Bold, bright colours were a 60s leitmotif, capturing the decade’s optimistic, independent spirit. The big white-framed Oliver Goldsmith sunglasses were an Audrey Hepburn trademark. This look is the perfect juxtaposition of the two, the feverish sixties and Audrey’s singular style – she knew how to lend an elegant spin even to the extravagant clothes that defined the age of Swinging London.
If there is one person who can make the 1960s fashion appealing to me, then that’s Audrey Hepburn. It was a decade of young and innovative fashion, but on Audrey, in the film Two for the Road, it became truly modern. Audrey’s made-to-measure Givenchy clothes may have helped her enter into legend, but it is her own very personal style that still transcends time. She herself was seen as a model of rebellion by her contemporaries, and in Stanley Donen’s 1967 movie she put her own stamp on the revolutionary fashions of the time. In Audrey’s case, it was the woman who wore the clothes.
Two for the Road is not only style-wise one of my favourite Audrey Hepburn movies, but story-wise, too. It is an honest story, it feels like a real love story, with ups and downs, a witty look at marriage. As for Audrey, she is different than in other films she is mostly remembered for, chic without always being proper and poised, loosened up, without sacrificing a drop of grace, and she has a much better chemistry with co-star Albert Finney (both delivering some of their finest performances) than she had with Humphrey Bogart or Cary Grant. The film has a non-linear structure, leaping back and forth in time, showing a married couple, Mark (Finney) and Joanna (Hepburn), always on the road, through snapshots of their travels at different stages of their relationship, as they hitchhike, drive and fly around Europe. Instead, it’s the style – from wardrobe, hair-style and make-up, to cars – that is used brilliantly to show the evolution of the characters, of their lifestyle, from poverty to the jet set, and of their marriage. Clothes go a long way, giving form to feelings and voice to our heroine’s way of living.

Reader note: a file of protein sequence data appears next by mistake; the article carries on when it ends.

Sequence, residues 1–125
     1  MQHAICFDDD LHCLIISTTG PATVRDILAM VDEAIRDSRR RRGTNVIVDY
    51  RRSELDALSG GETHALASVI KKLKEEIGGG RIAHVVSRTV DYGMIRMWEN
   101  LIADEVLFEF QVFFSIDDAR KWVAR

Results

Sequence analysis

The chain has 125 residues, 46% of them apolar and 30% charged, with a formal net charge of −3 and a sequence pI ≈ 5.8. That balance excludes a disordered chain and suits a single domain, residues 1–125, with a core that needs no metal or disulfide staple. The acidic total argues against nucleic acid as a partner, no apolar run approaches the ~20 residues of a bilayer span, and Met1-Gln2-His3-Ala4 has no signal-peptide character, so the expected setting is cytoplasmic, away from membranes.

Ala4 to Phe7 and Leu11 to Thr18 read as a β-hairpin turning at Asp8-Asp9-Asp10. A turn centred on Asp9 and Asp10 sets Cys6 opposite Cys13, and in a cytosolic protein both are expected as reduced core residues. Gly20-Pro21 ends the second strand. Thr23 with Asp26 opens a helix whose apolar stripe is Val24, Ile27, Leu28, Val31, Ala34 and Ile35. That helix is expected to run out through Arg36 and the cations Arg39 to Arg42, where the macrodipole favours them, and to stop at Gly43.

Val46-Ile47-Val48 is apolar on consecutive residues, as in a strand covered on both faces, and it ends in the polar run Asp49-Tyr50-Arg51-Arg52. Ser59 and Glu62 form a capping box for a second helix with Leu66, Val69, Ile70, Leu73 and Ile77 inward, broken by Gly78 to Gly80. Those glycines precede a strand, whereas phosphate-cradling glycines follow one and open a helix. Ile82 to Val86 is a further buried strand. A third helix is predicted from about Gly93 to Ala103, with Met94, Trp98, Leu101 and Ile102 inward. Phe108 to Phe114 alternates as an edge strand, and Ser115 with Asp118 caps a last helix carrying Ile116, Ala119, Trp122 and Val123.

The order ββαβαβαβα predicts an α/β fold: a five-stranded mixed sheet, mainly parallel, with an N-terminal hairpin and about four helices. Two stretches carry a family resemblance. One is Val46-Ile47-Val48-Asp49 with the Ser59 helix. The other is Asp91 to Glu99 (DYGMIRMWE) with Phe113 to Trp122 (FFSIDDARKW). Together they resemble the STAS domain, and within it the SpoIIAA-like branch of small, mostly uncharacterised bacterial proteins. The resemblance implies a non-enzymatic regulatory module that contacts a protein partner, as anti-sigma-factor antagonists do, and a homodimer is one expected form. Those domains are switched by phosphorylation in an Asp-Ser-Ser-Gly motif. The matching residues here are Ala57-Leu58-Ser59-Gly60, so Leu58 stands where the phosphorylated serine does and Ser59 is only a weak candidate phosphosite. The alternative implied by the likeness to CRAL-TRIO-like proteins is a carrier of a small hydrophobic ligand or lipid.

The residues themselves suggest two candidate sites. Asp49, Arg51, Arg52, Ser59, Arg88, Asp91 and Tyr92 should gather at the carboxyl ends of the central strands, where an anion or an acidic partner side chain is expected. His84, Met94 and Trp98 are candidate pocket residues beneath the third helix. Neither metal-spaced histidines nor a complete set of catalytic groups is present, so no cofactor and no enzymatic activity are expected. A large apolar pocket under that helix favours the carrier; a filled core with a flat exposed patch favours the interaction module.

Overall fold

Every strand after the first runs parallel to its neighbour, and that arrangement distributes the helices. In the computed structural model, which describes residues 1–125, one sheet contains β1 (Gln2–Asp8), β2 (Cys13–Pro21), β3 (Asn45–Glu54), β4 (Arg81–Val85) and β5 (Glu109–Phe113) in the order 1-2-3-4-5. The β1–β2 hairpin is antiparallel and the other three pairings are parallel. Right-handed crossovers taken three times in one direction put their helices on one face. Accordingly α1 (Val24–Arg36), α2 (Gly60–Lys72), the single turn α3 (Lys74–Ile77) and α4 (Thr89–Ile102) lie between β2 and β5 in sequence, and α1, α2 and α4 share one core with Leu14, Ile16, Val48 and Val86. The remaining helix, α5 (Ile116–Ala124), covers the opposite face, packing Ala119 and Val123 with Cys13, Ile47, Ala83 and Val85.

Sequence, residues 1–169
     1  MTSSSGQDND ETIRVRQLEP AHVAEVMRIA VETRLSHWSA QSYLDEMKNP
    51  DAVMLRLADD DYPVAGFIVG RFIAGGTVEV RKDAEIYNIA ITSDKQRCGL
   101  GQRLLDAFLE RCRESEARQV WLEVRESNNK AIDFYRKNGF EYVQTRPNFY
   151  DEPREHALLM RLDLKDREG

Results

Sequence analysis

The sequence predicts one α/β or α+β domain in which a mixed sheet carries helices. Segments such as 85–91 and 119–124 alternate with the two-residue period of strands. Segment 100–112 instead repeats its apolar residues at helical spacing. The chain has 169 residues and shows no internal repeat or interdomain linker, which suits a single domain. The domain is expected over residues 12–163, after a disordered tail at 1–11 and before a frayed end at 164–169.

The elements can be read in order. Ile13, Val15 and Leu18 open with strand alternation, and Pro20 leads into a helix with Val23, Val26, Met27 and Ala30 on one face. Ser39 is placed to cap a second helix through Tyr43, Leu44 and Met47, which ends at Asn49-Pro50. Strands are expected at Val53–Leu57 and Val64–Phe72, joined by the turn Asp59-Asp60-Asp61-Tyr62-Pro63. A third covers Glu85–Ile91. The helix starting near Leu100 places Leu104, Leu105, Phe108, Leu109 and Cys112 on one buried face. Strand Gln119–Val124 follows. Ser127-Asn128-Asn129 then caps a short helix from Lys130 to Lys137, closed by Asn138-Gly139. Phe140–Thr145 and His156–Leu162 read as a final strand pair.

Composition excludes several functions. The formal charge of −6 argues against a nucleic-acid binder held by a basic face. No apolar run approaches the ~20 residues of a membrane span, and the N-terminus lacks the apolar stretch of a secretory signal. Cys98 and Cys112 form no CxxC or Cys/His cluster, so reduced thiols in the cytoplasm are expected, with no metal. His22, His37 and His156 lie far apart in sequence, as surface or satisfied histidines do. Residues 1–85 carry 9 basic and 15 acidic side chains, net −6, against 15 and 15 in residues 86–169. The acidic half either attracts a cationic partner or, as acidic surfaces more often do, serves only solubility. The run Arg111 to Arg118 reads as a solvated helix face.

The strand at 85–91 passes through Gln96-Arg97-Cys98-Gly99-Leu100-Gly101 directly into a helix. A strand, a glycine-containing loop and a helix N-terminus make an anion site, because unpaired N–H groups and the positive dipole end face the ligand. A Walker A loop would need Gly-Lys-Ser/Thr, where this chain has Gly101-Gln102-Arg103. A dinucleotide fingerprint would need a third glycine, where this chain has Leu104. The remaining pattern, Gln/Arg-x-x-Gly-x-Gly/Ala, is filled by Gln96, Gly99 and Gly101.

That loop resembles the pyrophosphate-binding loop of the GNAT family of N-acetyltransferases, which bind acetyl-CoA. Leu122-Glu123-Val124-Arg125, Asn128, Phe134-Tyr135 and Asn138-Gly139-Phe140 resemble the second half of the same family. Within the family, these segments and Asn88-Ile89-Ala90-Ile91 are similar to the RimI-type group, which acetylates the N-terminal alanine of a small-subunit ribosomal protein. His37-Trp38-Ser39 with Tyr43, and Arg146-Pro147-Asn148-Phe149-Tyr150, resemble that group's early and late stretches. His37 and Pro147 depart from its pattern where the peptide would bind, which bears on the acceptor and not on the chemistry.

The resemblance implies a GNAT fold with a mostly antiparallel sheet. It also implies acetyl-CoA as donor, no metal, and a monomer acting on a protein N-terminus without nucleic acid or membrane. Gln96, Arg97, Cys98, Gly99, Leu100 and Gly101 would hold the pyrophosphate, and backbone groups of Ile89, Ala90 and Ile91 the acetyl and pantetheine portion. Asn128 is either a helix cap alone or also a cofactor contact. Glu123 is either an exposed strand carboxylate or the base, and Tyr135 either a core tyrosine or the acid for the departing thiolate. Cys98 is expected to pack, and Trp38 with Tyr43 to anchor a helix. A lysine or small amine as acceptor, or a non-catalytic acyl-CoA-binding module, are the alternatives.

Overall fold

Reportedly, director Stanley Donen insisted that Audrey be dressed in something more (many say modern, I would rather go for) fashionable than Givenchy, and although she was averse to wearing off-the-peg clothes (simply because they usually didn’t fit her gamine looks), she accepted to wear just that for the film: off the rack shopped-for creations by the designers of the day: Paco Rabbane, Mary Quant, Ken Scott, Michèle Rosier, Foale and Tuffin, Andre Courrèges.
College-aged Joanna. The clothes speak for themselves: jeans, simple sweaters and sneakers. Their simplicity is not only representative of her stage in life, but it can also stand for the beginning of the protagonists’ relationship.
Mary Quant mini dress in colour blocking (bright and well coordinated designs were one of her signatures), very modern back in 1967.
Quant’s clothes were in perfect tune with the 1960s, a decade keen on freedom and change. The Swinging Sixties were non-conformist, exclusive, a youthful revolt and a boutique culture that revitalized England, influenced the big French fashion houses, and took over America, too. Mary Quant was at the forefront of this revolution, rightfully named by writer Bernard Levin “the high priestess of 60s fashion”. André Courrèges might have invented the mini skirt, but it was Quant and her Bazaar boutique on London’s Kings Road that transformed the garment into the signature of an entire generation. “The real creators are the girls, the ones you see on the street”, she would say.
There are plenty of traditional Audrey pieces in her movie wardrobe, from oversized sunglasses, Burberry trench coat and turtlenecks (very popular in the 1960s), to flats, shirt with the ends unbuttoned and tied at waist (usually over a top, here over a bathing suit), and men’s shirts. Blending them with signature fashion forward pieces of the sixties, she made both styles more appealing and more approachable to a wider public.